Turning eagerly to Mr. Hull, her teeth bit into her lip as she studied the aging actor’s face with desperate hope and apprehension. He regarded her for a long moment, his expression unreadable. “While there is an air of freshness about you that is sorely lacking in our other performers of late, and I daresay such a fair face and figure as yours would cover a multitude of sins with our male audience…”  Her pulse sped with rising hopes only to be dashed back to earth. “However, I fear I can’t risk the disfavor I would incur by allowing you a starring role.”

“Disfavor? What do you mean?” Phoebe asked in bewilderment.

“The disfavor of our chief patrons, my dear. Surely, you can’t have lived amongst us for so long without understanding how it is.”

“How what is?”

“Patronage, my dear. The theatre is but an imitation of that world around us and as such, thrives on patronage. Anyone who aspires to be anyone must have a benefactor. The more powerful the benefactor, the better one’s roles and the more profitable for us all.” He chucked her under the chin. “Surely you understand that by now? I’m sorry, my dear. While you do show some potential, and with work, I could very well picture you as the delectable ingénue, Leticia, I fear I must move Miss Stewart into the role.”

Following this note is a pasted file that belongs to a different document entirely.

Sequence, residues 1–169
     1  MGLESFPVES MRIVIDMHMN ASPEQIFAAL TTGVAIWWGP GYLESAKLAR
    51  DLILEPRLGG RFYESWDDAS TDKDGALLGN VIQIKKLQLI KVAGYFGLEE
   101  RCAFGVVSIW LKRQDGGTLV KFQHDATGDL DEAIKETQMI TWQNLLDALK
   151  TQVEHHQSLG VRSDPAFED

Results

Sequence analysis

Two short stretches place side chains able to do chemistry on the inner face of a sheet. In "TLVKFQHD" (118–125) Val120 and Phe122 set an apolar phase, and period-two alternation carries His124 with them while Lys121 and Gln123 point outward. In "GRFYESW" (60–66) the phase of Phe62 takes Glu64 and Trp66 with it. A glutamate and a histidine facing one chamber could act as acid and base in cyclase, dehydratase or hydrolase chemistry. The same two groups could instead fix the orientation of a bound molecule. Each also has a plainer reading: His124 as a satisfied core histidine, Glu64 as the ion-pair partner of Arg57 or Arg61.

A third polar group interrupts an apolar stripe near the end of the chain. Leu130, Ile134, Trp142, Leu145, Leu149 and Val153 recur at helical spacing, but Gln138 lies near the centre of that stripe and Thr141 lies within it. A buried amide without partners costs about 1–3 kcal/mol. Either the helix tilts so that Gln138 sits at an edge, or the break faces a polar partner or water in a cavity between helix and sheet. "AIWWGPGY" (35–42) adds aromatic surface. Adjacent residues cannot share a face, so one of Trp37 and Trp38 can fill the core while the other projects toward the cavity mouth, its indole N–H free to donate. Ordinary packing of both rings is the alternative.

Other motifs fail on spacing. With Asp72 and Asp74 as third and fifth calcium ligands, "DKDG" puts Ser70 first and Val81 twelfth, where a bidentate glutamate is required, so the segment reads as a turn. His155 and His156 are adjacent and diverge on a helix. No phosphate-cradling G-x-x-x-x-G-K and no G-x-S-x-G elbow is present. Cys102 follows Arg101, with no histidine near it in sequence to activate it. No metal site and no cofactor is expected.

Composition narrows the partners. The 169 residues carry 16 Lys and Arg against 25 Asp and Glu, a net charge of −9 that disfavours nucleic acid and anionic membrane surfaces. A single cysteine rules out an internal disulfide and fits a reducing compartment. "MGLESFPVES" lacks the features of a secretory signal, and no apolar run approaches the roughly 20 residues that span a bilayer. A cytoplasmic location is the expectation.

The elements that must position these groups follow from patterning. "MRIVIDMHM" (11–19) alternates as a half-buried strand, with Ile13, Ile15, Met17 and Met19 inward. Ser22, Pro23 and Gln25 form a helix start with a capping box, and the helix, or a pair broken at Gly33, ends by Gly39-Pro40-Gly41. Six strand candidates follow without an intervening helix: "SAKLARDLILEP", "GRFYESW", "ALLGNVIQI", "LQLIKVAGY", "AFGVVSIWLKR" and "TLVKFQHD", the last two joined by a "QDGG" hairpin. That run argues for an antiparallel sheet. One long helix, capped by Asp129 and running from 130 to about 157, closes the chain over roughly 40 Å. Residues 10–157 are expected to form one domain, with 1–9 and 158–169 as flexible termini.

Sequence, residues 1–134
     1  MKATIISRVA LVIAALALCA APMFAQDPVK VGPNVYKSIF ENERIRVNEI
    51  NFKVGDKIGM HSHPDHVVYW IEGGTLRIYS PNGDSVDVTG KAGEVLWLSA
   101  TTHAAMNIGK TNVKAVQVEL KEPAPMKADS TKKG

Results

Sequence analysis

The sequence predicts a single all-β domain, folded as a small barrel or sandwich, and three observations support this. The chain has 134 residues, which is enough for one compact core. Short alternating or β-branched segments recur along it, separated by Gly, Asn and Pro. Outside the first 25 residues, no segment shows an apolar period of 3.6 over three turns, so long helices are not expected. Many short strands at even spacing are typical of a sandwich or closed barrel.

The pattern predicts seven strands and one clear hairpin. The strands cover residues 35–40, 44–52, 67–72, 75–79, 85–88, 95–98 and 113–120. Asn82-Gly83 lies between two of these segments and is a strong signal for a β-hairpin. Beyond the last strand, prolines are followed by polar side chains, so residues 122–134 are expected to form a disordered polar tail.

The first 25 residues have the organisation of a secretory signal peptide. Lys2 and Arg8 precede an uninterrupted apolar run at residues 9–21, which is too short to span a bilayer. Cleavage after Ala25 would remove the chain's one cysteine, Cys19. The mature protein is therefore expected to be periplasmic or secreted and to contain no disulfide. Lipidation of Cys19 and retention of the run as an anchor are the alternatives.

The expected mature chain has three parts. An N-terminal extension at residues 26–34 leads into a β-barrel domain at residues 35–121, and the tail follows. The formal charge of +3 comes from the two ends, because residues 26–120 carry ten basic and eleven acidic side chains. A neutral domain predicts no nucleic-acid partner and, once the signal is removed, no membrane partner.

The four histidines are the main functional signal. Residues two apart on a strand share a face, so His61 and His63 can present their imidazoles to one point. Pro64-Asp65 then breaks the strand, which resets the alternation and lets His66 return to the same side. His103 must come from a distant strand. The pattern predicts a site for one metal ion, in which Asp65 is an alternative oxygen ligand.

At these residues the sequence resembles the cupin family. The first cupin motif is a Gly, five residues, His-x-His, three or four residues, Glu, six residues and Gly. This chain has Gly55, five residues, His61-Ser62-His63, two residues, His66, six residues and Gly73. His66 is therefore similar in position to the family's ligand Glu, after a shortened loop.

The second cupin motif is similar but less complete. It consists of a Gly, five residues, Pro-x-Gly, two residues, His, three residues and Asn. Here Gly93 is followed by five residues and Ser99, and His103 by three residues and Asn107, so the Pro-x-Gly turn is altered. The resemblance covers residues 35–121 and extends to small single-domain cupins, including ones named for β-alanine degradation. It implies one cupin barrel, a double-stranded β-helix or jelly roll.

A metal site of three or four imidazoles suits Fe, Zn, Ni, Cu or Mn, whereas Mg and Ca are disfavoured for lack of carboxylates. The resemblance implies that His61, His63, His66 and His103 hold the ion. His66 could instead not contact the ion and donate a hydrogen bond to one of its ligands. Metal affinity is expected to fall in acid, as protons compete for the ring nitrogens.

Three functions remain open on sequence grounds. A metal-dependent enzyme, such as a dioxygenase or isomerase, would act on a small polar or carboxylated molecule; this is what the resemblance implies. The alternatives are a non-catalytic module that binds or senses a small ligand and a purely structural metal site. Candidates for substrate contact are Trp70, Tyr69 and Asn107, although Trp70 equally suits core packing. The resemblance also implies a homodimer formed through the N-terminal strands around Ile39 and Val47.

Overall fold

Phoebe’s heart contracted with a painful mix of disappointment and disillusionment. The lines she had just spoken echoed her thoughts —she had once more engaged her whole heart for nothing. Naively, she had believed hard work and perseverance would prevail, but now she wondered if she would ever have another chance. Yet she refused to give up completely.  “But surely, Mr. Hull, if you must switch the parts of the leading players, there is some small role I can play? Please,” she begged. “I won’t disappoint you.”

“But what are you willing to sacrifice?” His gaze narrowed as it swept her top to toe. “If I grant your wish and put you on stage tonight, I wonder if you are prepared to make the best use of it?”